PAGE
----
The testing and evaluation process for any re equipment is always quite thorough. However, when it comes to a tool as complex as a thermal imager, the Test & Evaluation (T&E) plan should be exceptionally well planned. Departments or committees typically develop a written testing plan that includes evaluations focused on the following:
In addition to these testing areas, some departments are bringing innovative ideas to their T&E practices for thermal imagers. Check out some of the ideas below.
Great for Station Evaluations. Using online tools (even pre-existing ones, such as Survey Monkey), many individuals across multiple shifts can quickly and easily provide feedback after runs with the imager. This online feedback makes data collection, recording, and analysis quick and easy. Surveys can be set up to give options for rating or ranking various qualities, providing multiple choice answers, and typing in custom feedback or comments.
Great Test for Alternate TI Uses. Thermal imagers are frequently tested in live burns. However, they can also be used in hazmat operations. One way to test thermal imagers for hazmat operations is to evaluate the detection of vapors being released from a pressurized container, such as a propane cylinder. In addition, these cameras can be tested as they detect the level of liquid within certain containers (for example, identifying the level of liquid within a drum barrel.) These tests can be performed from various distances.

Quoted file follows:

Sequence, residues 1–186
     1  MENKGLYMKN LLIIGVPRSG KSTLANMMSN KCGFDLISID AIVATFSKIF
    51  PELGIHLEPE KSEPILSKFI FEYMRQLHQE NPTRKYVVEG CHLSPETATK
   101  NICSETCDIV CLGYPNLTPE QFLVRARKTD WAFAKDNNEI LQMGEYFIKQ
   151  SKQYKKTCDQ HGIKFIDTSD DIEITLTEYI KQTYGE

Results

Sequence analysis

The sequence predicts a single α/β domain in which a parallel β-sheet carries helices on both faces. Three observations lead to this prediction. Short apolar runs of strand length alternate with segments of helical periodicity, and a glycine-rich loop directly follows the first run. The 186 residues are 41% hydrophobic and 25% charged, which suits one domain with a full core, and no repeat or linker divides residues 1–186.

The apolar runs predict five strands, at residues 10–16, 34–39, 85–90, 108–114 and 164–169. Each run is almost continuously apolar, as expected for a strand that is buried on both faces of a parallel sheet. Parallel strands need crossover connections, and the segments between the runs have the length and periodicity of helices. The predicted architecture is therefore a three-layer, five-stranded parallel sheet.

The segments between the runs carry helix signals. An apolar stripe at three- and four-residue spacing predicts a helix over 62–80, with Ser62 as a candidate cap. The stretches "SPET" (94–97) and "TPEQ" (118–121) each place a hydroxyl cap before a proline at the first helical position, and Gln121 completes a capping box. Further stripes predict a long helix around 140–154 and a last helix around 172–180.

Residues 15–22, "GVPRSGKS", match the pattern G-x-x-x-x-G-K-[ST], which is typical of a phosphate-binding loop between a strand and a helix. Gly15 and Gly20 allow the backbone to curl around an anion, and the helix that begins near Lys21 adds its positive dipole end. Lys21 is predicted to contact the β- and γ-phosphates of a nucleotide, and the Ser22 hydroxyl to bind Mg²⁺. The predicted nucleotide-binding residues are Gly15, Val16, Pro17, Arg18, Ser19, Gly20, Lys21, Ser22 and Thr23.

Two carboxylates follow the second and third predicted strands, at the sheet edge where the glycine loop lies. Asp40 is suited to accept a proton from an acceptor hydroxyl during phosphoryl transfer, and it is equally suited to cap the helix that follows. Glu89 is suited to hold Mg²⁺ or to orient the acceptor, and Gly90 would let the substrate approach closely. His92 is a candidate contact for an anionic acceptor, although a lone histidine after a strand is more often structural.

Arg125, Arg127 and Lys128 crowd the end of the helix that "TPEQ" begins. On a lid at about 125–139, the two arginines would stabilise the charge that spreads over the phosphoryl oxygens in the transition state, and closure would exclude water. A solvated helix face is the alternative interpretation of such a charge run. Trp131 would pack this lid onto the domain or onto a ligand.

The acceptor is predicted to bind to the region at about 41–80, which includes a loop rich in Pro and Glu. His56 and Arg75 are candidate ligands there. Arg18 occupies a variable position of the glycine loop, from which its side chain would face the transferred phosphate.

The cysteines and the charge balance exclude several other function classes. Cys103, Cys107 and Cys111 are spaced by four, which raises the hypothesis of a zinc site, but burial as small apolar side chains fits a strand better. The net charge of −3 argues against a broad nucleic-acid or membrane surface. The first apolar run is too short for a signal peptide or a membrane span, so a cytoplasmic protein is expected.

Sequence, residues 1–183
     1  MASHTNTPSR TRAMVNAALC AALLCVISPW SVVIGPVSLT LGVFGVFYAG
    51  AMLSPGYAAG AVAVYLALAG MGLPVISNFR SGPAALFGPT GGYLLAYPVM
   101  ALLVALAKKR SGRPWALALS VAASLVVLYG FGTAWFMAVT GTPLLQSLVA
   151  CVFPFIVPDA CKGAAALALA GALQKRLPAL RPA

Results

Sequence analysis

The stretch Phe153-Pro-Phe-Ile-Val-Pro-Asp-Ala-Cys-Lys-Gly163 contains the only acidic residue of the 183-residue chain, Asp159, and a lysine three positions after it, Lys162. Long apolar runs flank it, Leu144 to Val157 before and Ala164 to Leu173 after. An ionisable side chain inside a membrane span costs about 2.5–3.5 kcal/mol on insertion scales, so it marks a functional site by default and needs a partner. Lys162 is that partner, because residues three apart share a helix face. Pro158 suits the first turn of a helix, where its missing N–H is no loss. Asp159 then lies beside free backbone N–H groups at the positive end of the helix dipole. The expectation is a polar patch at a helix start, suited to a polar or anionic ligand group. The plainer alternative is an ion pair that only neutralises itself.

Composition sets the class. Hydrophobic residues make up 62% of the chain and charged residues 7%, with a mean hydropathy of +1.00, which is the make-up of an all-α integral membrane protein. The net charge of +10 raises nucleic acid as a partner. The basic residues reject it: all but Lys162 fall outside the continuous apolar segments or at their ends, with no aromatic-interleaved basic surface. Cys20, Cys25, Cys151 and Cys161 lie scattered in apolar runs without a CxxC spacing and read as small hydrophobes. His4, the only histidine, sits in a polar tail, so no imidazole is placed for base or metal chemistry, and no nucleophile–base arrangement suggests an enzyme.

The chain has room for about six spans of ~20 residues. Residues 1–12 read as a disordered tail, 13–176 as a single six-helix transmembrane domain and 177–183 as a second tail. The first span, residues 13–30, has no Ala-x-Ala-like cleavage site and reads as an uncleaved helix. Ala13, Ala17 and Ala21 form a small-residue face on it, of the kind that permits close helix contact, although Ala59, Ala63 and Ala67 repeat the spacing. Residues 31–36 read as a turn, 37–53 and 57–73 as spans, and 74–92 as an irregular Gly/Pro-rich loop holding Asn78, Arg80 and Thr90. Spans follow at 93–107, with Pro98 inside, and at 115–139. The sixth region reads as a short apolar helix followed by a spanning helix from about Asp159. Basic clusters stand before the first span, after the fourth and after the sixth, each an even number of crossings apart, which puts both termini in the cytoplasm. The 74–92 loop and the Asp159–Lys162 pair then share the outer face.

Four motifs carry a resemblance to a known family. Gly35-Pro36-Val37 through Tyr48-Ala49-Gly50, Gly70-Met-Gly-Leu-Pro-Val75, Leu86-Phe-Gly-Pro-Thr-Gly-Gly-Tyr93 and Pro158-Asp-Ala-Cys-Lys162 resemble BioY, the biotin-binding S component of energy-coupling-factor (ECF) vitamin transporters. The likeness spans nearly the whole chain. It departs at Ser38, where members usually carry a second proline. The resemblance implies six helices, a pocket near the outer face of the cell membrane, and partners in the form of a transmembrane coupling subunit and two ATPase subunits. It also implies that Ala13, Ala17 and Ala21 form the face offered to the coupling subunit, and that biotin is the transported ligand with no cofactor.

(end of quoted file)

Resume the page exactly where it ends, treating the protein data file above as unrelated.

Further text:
Great for Comprehensive Evaluations. It’s obvious that your evaluation will include the evaluation committee members and other firefighters. However, other key decision makers can benefit from seeing the thermal imagers’ performance and differences first hand. These key decision makers can include the purchasing department, trainers, and equipment maintenance manager. They can provide insight and understanding from a unique angle that can positively affect your department’s decision making.
Great for Understanding Imager Performance. It’s typical to take a test imager to a live burn or on a few real life runs. However, departments get a better understanding of how an imager may switch gain modes (sensitivity modes), show human figures,
or display colorization when exposed to various environments. Top departments are not only evaluating thermal imagers during basic evolutions in a one-day burn. They are also testing them in their academy with live fire, comparing performance with a flashover simulator, and performing basic laboratory testing (drop tests, oven tests, freeze tests, and submersion tests). In addition to these burn tests, evaluations for ergonomics, simplicity, and ease of use, especially when in use with gloves and full turnout gear, can provide a complete picture of how the imager will perform for your department.
In some instances, conducting a live burn for TI evaluation isn’t feasible. With local and federal restrictions, these types of burns are becoming more and more dif cult for many departments. However, it’s still important to see how each thermal imager performs in the presence of a heat source. Innovative ideas for testing this include using other heat sources, like a hot stove, barrel fires, or even asking the manufacturers for videos of actual burns.